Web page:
Ed Meyer

Ohio Treasurer Josh Mandel and U.S. Rep. Jim Renacci have been subpoenaed to testify in the federal trial of a millionaire Stark County businessman accused of making illegal contributions to their campaigns.

The trial of Benjamin Suarez, 72, is set to begin Monday in U.S. District Court in Cleveland.

Top aides to both politicians responded Friday to a Columbus Dispatch report on the subpoenas, saying Mandel and Renacci have cooperated fully with federal authorities and will continue to do so.

Rebecca Wasserstein, an aide to Mandel, sent an emailed statement to the Beacon Journal late Friday following the Dispatch story, saying neither the defense nor the prosecution has notified Mandel that he will, in fact, be called to testify in court proceedings.

“Our cooperation with the authorities is ongoing and leads us to believe that if Treasurer Mandel testified, it would be damaging to the defense,” the statement said.

Megan Taylor, a spokesperson for Renacci, also responded in an email, saying the Republican congressman from Wadsworth “is not the subject or target of this investigation.”

Renacci has “fully cooperated with the U.S. Department of Justice,” the statement said, “and will continue to do so if asked.”

Meanwhile, Suarez is hoping to use a former head of the Federal Elections Commission to fight the charges that he was the brains behind an alleged scheme to violate federal campaign finance laws.

That strategy was revealed this week in pretrial records that his defense team filed.

Suarez and the worldwide global marketing company that he started out of his home in the 1970s, Suarez Corp. Industries (SCI), are the remaining defendants in a nine-count federal indictment.

Officer pleads guilty

Michael Giorgio, chief financial officer of SCI and Suarez’s right-hand man, pleaded guilty this month to seven charges of being part of a plan to funnel about $200,000 to the 2012 Republican election campaigns of Mandel and Renacci.

Both men later returned the donations.

In the May 19 plea, a deal that suddenly took shape the previous Sunday night, according to court records, Giorgio turned his back on what had been a “joint defense agreement” with Suarez since both were indicted by a federal grand jury last September.

Three days after Giorgio’s plea, Suarez’s lawyers fought back.

They sent prosecutors a letter informing them that Capital University Law School professor Bradley A. Smith of Columbus might be called as an expert witness to challenge the allegations.

Smith, who was nominated as an FEC commissioner in early 2000 by President Bill Clinton, and later confirmed by the U.S. Senate, served as FEC chairman in 2004 and vice chairman in 2003.

The heart of the prosecution’s case involves allegations that Suarez violated laws in the Federal Election Campaign Act (FECA) of 1972, which directly gave rise three years later to the nation’s top independent regulatory agency overseeing that legislation — the FEC.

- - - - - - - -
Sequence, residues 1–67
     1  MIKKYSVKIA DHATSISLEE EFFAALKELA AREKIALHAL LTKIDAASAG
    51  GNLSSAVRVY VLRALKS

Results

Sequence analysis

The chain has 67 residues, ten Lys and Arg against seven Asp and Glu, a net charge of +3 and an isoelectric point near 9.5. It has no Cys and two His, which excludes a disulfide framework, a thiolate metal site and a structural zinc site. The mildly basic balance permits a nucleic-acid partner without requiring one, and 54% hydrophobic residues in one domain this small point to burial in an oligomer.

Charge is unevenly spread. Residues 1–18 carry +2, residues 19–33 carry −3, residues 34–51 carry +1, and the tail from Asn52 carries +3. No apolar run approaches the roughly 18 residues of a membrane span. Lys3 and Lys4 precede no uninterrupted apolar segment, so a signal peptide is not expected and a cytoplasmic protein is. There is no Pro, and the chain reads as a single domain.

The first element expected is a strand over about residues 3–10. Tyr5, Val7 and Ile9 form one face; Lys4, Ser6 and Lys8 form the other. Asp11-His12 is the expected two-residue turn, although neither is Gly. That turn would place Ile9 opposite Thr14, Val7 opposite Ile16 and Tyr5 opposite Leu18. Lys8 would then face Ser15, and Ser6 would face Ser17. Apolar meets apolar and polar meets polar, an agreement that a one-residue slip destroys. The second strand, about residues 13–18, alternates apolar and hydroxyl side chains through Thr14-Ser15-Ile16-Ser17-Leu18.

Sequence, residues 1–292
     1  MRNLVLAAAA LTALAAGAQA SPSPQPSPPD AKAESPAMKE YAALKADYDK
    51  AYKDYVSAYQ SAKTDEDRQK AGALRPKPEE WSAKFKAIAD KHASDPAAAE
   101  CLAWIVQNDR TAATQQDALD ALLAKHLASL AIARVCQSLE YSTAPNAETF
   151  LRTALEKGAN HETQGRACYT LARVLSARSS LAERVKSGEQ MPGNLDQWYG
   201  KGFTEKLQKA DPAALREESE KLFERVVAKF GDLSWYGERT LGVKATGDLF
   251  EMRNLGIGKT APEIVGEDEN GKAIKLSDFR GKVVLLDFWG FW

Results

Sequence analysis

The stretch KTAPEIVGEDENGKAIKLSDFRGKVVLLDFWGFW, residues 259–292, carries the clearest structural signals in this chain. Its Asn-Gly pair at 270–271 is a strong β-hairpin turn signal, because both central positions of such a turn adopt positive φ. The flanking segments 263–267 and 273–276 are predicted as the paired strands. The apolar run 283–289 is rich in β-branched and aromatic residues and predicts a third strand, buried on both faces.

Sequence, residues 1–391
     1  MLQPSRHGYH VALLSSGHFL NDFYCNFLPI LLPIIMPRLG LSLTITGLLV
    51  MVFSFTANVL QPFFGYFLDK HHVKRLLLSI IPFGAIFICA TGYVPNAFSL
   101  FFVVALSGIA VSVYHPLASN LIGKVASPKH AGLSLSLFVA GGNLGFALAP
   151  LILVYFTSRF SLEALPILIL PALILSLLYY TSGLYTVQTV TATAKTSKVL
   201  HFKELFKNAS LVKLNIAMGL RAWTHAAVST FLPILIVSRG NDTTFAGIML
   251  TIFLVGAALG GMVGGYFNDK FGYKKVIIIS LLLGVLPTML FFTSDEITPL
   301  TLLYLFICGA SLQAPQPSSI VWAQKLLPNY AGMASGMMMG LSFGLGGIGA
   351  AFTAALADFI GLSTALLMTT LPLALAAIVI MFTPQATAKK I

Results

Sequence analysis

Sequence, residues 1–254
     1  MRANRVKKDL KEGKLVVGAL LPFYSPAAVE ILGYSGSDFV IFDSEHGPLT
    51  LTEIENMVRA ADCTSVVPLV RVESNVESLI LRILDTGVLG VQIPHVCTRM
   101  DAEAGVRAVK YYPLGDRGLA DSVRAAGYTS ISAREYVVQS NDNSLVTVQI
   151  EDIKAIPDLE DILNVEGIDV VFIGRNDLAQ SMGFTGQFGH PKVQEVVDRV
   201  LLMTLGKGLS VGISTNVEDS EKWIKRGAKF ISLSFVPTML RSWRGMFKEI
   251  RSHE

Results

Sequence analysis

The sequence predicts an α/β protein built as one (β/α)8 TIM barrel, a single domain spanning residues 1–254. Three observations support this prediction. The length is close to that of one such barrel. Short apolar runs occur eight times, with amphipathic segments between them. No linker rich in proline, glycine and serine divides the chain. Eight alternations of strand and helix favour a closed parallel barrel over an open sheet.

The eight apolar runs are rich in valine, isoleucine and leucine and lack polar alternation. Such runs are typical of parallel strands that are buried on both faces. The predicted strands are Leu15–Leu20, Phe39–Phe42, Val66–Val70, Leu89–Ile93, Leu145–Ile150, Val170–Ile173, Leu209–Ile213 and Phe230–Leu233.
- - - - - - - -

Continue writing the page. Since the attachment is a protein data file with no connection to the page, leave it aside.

Suarez, the charges claim, used nearly two-dozen employees and their spouses, so-called “straw donors,” to contribute to the Renacci and Mandel campaigns.

Those donors each wrote $5,000 campaign contribution checks with the expectation that they would be reimbursed by SCI, Giorgio said in his written plea deal.

Giorgio and SCI’s controller, Barbara Housos of Canton, are expected to be the prosecution’s key witnesses against Suarez.

Confusion blamed

Smith is prepared to testify, however, that federal campaign laws are confusing for people who are not politicians or have no formal training in that area of the law, court records show.

In a court filing attached to the records as “Exhibit A,” defense lawyers say Smith will offer an opinion that people who are not educated in such a way “often misunderstand these laws or are not aware of them.”

Smith’s opinion will go on to say: “This is true of the law addressing campaign contributions in the name of another. It is also true of the law addressing the use of corporate funds to make direct contributions to the campaigns of candidates for elected federal offices.”

Suarez repeatedly has insisted he has done nothing wrong and, in fact, rejected a plea offer this week. If he would have agreed to it, he would have faced a sentence of about four to five years in prison.

Prosecutors countered the defense notification to use Smith as an expert witness by arguing that Suarez’s lawyers far exceeded the deadline for giving notice of such testimony.

U.S. Judge Patricia A. Gaughan, who is handling the trial, will have the final say on Smith’s potential expert testimony.

On May 23, the Beacon Journal first reported that Mandel and Renacci could be subpoenaed to testify, citing a 2011 letter that Mandel sent on behalf of Suarez to the state treasurer of California.

Suarez was facing a multimillion-dollar civil suit there for alleged violations of consumer protection laws, and Mandel’s letter asked the California treasurer to curb such actions or face a possible lawsuit by Ohio authorities.

Mandel’s letter was dated May 23, 2011, and the campaign contributions from SCI employees and spouses began pouring in days later.

In March 2011, Mandel also sent a letter to Renacci urging him to push for federal legislation limiting damages in cases of deceptive advertising and product labeling.

Prosecutors have not accused Mandel or Renacci of any wrongdoing.

If Suarez is convicted of the charges, he could face a sentence of 10 to 12 years in a federal prison and a fine of nearly $1 million. His trial is expected to last at least three weeks.

Ed Meyer can be reached at 330-996-3784 or at emeyer@thebeaconjournal.com.